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Cambridge WWI Virtual Medical Trail

A list of WWI medical locations in Cambridge

This virtual tour takes the visitor to locations where many of those who were involved in medicine devoted to treatment of wounded servicemen in World War One, lived and worked. Many thousands of people in Cambridge had a wide range of roles during the Great War; most of these will have known servicemen who lost their lives or returned home severely physically or mentally traumatised.

The entries on CapturingCambridge.org contain many links to further websites and sources of detailed information on these topics.

First Great Eastern General Hospital, Trinity College

 

Binsted, Herschel Road – James Hamilton Doggart – admiralty surgeon

Binsted, Herschel Road

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Edgar Douglas Adrian – treated shell shock at St Bart’s in London. He was 1932 Nobel Prize winner for medicine and came to live at St Chad’s before WWII.  St Chad’s house was a Red Cross Auxiliary Hospital in WWI

St Chad’s, 48 Grange Road

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Harold Gillies was a New Zealand surgeon based at Gonville and Caius College who pioneered the development of reconstructive surgery

Harold Gillies

Sidney Beldam of 11 Willow Walk became a patient of Harold Gillies and his case is documented on line.

11 Willow Walk

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30 Trumpington Street

Ernest Saville Peck was a graduate in chemistry who ran the family dispensing chemist business in Trumpington Street, still marked with the family name above the doorway. He became an expert in poison gas warfare.

30 Trumpington Street, Fitzwilliam House / Hall

250 Hills Road, Halesowen

 

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John Bradbury – he was Professor of medicine and an expert on sleep disorders and vertigo.

4 St Peter’s Terrace, Trumpington Street

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Henry Buckley Roderick – surgeon to the Borough Police Force, he developed a particular interest in military medicine. After working at the First Eastern General he commanded a a General Hospital in France.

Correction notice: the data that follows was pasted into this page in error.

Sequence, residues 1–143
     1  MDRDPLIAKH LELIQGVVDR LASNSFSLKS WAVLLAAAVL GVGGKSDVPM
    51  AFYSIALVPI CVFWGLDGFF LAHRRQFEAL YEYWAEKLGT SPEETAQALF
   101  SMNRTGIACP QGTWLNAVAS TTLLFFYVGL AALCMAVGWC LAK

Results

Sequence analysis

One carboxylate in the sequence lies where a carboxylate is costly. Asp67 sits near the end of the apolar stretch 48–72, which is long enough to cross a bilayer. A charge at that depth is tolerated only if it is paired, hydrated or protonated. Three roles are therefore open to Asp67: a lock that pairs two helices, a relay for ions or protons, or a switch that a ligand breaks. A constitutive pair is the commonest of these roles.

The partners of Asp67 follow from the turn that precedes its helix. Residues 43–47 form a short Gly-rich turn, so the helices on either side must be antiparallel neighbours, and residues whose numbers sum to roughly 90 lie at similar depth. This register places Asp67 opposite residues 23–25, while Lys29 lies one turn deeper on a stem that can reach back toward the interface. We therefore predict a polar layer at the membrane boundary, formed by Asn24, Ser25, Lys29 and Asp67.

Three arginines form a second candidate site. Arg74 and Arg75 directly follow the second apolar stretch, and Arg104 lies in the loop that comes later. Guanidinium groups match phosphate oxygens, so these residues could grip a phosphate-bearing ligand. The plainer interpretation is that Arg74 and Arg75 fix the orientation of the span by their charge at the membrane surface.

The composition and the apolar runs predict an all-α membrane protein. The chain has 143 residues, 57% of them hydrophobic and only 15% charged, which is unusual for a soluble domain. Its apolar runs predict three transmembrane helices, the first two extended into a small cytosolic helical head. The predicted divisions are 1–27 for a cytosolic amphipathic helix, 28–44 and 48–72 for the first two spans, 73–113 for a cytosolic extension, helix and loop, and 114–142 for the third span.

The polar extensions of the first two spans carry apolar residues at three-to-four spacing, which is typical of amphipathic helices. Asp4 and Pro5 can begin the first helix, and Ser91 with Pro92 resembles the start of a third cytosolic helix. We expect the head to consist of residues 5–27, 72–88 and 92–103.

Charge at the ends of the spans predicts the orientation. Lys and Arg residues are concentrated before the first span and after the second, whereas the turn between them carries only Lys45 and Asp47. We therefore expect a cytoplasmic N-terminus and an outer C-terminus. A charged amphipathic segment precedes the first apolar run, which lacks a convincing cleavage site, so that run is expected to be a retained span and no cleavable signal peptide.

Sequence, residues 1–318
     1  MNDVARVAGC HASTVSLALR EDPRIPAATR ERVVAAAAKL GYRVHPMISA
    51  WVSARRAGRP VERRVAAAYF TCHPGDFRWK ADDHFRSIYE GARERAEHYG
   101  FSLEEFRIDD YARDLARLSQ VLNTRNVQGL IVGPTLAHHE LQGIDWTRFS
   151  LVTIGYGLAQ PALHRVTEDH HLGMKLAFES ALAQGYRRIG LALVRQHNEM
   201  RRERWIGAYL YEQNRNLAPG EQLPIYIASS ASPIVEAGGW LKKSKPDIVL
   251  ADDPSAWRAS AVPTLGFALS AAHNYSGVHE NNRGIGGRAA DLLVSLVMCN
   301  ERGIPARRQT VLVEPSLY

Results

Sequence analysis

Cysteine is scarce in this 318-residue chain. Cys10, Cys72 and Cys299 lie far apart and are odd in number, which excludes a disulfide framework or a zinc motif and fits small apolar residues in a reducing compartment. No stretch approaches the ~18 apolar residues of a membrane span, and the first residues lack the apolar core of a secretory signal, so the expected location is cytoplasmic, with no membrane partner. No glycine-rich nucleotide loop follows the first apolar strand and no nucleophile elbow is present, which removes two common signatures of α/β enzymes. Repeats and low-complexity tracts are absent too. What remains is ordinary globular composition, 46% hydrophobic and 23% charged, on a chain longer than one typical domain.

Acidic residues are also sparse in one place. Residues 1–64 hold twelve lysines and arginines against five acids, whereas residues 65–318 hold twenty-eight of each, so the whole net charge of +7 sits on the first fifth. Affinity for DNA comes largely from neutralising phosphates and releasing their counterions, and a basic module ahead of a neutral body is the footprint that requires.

17 Trumpington Street, St Bonaventure’s priory

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Walter Malden – a pathologist who had worked at Addenbrookes before the war

62 Bateman Street, Bateman House

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Signe Laven – pioneer of therapeutic massage – Swedish gymnastics teacher at Girls Perse

Annesley House, (36) Union Road

34 Causewayside

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Cintra Terrace, Hills Road – Auxiliary Hospital – Belgian refugees convalesced here in 1914

12 Hills Road, (1) Cintra Terrace (7)

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The Doggett family – Two daughter, Edith and Hilda served as auxiliary nurses. Hilda was sent to France.

28 Cavendish Avenue, Minhurst

A neighbour in Cavendish Avenue, J D Atkinson, was one of a very few men who were Red Cross volunteers. He worked as a searcher, interviewing men in hospital in the hope of tracing those who were missing.

20 Cavendish Avenue, Baroco/Rotherwick

 

VAD nurses – Helen Flora Lilley was a nurse in Tunbridge Wells during the war. Nurses would sometimes collect poems and drawings made by the patients under their care. This is her ‘autograph book’:

https://www.myoldarndtlilley.com/family-research/ww1-family-connections/helen-flora-lilley/

Other women collected similar books. This is one by a Woolwich Munitions factory worker:

https://www.myoldarndtlilley.com/world-war-1-resources/albums/

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Professor Sims Woodhead – he was appointed inspector of military hospital laboratories, a gruelling task and he died soon after the end of the war.

5 Luard Road, Dysart/Wivelingham

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Research Hospital Hills Road – hospital for evacuated officers, especially Belgian – this later became the Strangeways Laboratory. Even before the start of WWI a wealthy financier, Otto Beit, had donated enough money to set up a hospital here.

Cambridge Research Hospital / Strangeways Research Laboratory

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Cherry Hinton Military Hospital – VD treatment – this site was initially used by the Cambridgeshire Regiment. Its location was controversial with local residents.

Cherry Hinton military hospital

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Fulbourn Lunatic Asylum – work of W H R Rivers and Charles S Myers with shell shock

Fulbourn Pauper Lunatic Asylum

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Leonard Davidson (survivor of head injury) – the survival rate from head injuries was very low.

7-8 Prospect Row, The Free Press

 

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